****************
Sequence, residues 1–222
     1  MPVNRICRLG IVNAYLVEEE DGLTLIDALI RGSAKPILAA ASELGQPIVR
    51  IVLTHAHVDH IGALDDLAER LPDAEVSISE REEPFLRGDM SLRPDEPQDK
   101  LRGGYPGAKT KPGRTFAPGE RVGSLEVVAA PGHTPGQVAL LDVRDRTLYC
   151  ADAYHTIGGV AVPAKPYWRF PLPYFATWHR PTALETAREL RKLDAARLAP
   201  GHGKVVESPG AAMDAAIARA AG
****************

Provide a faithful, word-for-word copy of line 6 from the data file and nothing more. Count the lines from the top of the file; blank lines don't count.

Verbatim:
   201  GHGKVVESPG AAMDAAIARA AG